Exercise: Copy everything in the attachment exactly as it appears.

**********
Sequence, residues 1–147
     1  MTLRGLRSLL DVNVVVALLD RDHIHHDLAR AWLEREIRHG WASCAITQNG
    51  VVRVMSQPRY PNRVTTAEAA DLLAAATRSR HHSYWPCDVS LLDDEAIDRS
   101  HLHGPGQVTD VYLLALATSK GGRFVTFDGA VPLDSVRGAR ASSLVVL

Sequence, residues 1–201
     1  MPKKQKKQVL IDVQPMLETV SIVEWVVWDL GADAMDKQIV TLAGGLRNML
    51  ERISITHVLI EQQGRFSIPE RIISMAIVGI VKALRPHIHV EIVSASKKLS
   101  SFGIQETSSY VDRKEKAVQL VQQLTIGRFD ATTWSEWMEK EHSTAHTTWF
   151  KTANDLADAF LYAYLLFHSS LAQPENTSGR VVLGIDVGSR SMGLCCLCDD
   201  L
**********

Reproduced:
Sequence, residues 1–147
     1  MTLRGLRSLL DVNVVVALLD RDHIHHDLAR AWLEREIRHG WASCAITQNG
    51  VVRVMSQPRY PNRVTTAEAA DLLAAATRSR HHSYWPCDVS LLDDEAIDRS
   101  HLHGPGQVTD VYLLALATSK GGRFVTFDGA VPLDSVRGAR ASSLVVL

Sequence, residues 1–201
     1  MPKKQKKQVL IDVQPMLETV SIVEWVVWDL GADAMDKQIV TLAGGLRNML
    51  ERISITHVLI EQQGRFSIPE RIISMAIVGI VKALRPHIHV EIVSASKKLS
   101  SFGIQETSSY VDRKEKAVQL VQQLTIGRFD ATTWSEWMEK EHSTAHTTWF
   151  KTANDLADAF LYAYLLFHSS LAQPENTSGR VVLGIDVGSR SMGLCCLCDD
   201  L